I woke up at 2.46am this morning, wide awake. I’m not sure if maybe Arabella stirred loudly and woke me but whatever it was I was suddenly very awake. For the next two hours I tossed and turned trying to force my brain to switch off but the worry was overwhelming. Various scenarios played out in my mind, what if when we pop to the shops in the morning to pick up some dishwasher tablets someone throws acid and we’re collateral. I could see the whole situation unfold, my face melting, Arabella screaming in pain. I stared at the ceiling willing my brain to calm down, the lady who takes my therapy sessions gave me a sheet to help go back to sleep when I awoke from nightmares. So I focused on my husband’s breathing and counted as the sheet instructed. But the irrational thoughts were stranger and pushed to the forefront, what if it’s not acid, what if there’s a gunman who comes into the shop – again I could see the various outcomes – me holding Arabella close to my chest, crouching down tucked behind the display of shampoo. I joke in my therapy sessions that perhaps I watch too much TV – how else do these crazy thoughts occur?!
I’ve attended 4 sessions of Cognitive Behavioural Therapy (CBT) thus far. After the failed operation in February something shifted in my mind. Before this I’d had the normal new mum anxieties, don’t drop the baby, is the temperature ok in here, are they still breathing, is the milk the right temperature…..
I was told that the operation would be quick and easy, ‘a 10 minute job’ the surgeon told me whilst confirming my details. It was far from straight forward and the reality is that my life was on the line that day, I’ll be eternally grateful to blood donors, without whom I’d have spent a very long time in hospital recovering. And that the surgeons were eventually able to stem the bleeding. Suddenly everything that seemed straightforward before no longer was. If something that was meant to be so simple had gone so horribly wrong what was to say that other things couldn’t go south just as easily. Of course when I began to fret my husband simply told me ‘don’t be so silly’ and I can completely understand his response. The previous version of me would have said the exact same thing.
It took me almost 6 weeks to realise that I couldn’t overcome the way I was feeling and thinking on my own. 6 weeks of utter hell, feeling like a complete moron for being so irrationally fearful of the most simple things like crossing the road – in my head we were sure to be hit by an out of control car. I was constantly looking over my shoulder, twitchy, unsure of where the next threat was coming from. Leaving the house was stressful to say the least. And where my days were clouded with fear and worry my nights were filled with flashbacks – nightmares I’d wake from in a cold sweat, the sensation of the same pain, memory of waking with all the doctors over me. I was suffering post traumatic stress unbeknown to me. During this time we power walked pretty much everywhere – we needed to get from A to B as quickly as possible to avoid potential threats. I didn’t let anyone see that I was struggling mentally with day to day things. The flat had become my safe haven and I could easily hide behind not feeling well to avoid plans. I did crumple after a month or so, I snapped at my husband over something insignificant – he asked what was wrong, why was I so touchy… the flood gates opened. I felt completely helpless and finally I’d told someone. I didn’t share the extent of fears and worries, I didn’t want him to think I was an unfit mother, I didn’t want anyone to know I wasn’t 100%. I’d always been pretty tough emotionally, friends have joked about how stone cold I’d be at times. I found my predicament embarrassing.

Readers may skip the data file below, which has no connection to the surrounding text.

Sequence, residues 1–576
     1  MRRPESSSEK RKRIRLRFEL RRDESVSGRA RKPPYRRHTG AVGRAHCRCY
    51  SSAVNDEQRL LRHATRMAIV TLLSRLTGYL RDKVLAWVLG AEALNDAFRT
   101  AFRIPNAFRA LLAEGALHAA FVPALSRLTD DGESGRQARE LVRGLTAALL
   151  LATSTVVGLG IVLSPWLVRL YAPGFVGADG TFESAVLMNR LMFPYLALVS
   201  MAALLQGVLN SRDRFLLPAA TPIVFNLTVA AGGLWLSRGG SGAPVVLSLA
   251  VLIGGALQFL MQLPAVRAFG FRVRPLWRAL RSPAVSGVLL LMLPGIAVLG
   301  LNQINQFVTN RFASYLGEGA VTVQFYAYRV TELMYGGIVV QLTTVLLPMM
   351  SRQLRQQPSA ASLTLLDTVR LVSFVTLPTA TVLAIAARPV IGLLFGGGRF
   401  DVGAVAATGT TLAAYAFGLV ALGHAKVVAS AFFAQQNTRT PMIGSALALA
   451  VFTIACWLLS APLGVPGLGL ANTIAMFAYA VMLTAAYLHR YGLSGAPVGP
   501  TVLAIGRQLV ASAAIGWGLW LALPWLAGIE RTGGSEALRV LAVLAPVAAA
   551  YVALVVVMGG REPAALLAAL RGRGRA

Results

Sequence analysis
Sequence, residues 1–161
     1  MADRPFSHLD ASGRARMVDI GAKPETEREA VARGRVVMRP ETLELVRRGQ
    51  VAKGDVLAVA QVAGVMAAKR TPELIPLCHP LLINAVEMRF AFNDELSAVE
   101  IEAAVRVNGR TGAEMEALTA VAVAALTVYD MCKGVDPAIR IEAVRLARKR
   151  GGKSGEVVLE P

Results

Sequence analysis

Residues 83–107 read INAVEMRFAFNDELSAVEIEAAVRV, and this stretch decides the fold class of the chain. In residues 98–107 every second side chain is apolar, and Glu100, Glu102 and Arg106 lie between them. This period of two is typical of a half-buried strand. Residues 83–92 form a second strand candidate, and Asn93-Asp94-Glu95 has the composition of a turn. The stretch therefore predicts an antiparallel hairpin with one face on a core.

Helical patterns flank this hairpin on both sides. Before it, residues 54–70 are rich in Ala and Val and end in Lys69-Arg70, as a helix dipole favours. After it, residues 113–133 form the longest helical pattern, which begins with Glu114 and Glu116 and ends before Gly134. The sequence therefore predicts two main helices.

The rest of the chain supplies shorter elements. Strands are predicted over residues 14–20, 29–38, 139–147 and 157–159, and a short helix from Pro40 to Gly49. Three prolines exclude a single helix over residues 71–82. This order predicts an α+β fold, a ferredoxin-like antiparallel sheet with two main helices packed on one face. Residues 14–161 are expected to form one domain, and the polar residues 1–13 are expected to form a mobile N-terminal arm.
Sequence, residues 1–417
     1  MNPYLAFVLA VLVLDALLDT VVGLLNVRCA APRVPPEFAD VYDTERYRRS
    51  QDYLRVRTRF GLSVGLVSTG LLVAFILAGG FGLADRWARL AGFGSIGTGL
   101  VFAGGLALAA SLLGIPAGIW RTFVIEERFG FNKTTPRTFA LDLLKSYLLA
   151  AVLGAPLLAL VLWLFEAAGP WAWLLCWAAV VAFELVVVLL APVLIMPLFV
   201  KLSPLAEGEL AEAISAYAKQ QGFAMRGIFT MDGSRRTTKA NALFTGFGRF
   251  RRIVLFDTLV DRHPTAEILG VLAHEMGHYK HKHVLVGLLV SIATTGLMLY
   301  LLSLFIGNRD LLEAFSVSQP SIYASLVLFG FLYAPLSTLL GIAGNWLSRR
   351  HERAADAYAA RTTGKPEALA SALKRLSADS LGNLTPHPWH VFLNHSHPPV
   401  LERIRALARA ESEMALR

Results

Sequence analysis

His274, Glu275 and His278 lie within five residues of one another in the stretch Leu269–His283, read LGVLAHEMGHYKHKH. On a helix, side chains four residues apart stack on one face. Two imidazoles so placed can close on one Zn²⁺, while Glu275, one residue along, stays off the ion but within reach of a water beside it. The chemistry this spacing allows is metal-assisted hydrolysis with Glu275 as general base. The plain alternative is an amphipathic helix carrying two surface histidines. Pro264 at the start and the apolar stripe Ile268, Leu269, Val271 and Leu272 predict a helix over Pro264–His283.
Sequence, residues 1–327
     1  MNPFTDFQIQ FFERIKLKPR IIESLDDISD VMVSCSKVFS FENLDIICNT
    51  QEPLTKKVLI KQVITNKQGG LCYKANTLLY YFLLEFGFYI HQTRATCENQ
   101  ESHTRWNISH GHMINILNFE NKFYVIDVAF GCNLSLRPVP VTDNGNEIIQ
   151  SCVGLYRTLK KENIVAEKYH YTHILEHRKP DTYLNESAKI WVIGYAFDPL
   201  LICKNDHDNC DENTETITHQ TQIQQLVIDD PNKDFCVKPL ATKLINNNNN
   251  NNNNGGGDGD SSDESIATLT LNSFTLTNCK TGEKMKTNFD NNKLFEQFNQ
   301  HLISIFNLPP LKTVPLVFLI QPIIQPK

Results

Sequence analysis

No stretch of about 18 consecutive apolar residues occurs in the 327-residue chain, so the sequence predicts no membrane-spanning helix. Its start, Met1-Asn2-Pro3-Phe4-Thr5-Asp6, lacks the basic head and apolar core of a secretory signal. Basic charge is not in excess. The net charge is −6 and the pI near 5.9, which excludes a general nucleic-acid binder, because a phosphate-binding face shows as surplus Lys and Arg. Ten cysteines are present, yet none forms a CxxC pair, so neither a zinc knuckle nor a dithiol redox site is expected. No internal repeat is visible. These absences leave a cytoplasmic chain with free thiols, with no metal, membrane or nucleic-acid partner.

During pregnancy I’d been quite anxious about birth and had been moved to specialist care meaning I had one midwife throughout my pregnancy. Patience – she was wonderful. It had taken me over half my pregnancy to admit I was very very worried about giving birth and seek help. I also had enhanced midwife visits after Arabella was born – I think they came maybe 5 times in the weeks that followed – they established that my fears were mainly over the actual process of giving birth and happily discharged me when they were certain I was ok mentally.
Maybe it was recognising that I needed some extra support during pregnancy that allowed me to recognise the need this time. I finally sought help when I took myself to see my midwife after one of my many check up ultrasound appointments between operations. After this particular appointment I was very tearful. The doctor had once again said, theres no change that we can see and we’d like to wait a little longer, come back in a few weeks – effectively sentencing me to another two weeks of feeling like crap, no energy, a fever and constant nausea with the piece of placenta still rotting inside of me.